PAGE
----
"The point of today's activity was to come to the table and have a courageous conversation, like you would normally do if you were at home around your kitchen table," said Mayor Deborah Robertson.
It wasn't about gun control, Roberts said. Rather, it was about starting a community conversation about how to use resources to best deal with violence, she said.
Rialto had a violent crime index of 4.78 in 2011, about half of San Bernardino's.
"This was not the end. This is just the beginning. Today was not designed to come up with any concrete solutions," Robertson said.
"I think it is important for us to find out what people are thinking and what their concerns are" Do they feel safe?" Police Chief Tony Farrar said in an interview.
A panel of student leaders from several high schools spoke to the group and answered questions.
During separate interviews, several student leaders said they had "no fear" about returning to school after the Dec. 14 shooting at Connecticut's Sandy Hook Elementary School, which claimed the lives of 20 children and six teachers.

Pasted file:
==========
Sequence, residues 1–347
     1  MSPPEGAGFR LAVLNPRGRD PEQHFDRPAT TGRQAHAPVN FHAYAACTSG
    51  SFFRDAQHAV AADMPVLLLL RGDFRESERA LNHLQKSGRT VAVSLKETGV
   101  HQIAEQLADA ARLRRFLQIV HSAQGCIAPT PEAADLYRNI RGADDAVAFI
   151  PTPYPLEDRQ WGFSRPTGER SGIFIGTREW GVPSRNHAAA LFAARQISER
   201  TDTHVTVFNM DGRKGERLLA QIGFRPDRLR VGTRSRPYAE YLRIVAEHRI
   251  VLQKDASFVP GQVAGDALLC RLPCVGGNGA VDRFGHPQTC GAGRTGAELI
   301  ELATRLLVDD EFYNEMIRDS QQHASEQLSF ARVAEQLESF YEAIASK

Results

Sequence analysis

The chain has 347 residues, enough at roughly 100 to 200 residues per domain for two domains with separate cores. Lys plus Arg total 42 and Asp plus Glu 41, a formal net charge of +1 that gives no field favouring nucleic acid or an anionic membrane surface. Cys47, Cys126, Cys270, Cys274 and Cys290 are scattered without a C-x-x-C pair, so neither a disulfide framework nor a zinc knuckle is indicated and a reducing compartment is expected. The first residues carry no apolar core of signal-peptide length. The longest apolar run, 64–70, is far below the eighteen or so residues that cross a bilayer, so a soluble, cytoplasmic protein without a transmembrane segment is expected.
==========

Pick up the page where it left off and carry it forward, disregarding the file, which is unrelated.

"I feel safe here, like my home," said Jazmin Samano, 17, a Rialto High School senior.
Other students said actions by school security teams and staff contribute to a feeling of safety while in school.
Unlike Fontana and San Bernardino, Rialto's school security members do not carry handguns.
During his presentation, Farrar said the security camera systems in the school district and city parks are among the most - if not the most - sophisticated in Southern California.
Yukie Bojorquez, student body president at Eisenhower High School, said something needs to be done to improve safety for students when they walk home.
Police Lt. Dean Hardin said "parents need to be in their child's business."
They need to search the child's room when they are not at home, go through their phone and see what they are doing on the Internet and become involved in their school happenings, he said.
"When kids are left to their own devices, bad things happen," he said.
Tim White, 48, of San Bernardino, who has been incarcerated various times over 21 years, said he would be willing to speak to gatherings of students about the fallacy of gang life.
"Gang members get ahead with violence," he said. "Kids see gang leaders with a nice cars, gold jewelry and a good-looking girl and they decide that's what they want."
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